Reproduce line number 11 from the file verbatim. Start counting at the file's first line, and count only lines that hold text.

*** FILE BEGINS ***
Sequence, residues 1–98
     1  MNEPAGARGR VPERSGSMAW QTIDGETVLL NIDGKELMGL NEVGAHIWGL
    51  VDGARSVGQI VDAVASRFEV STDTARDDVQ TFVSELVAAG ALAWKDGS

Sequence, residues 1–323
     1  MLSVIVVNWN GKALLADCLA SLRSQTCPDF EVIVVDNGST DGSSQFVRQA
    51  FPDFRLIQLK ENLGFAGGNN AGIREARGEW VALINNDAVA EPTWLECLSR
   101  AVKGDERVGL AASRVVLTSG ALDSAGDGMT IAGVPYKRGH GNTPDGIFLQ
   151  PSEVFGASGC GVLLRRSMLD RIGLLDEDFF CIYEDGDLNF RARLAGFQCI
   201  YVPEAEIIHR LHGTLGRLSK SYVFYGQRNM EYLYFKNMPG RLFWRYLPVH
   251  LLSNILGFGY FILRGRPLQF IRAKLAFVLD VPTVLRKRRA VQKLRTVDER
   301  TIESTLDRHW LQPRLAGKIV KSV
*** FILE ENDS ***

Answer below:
   301  TIESTLDRHW LQPRLAGKIV KSV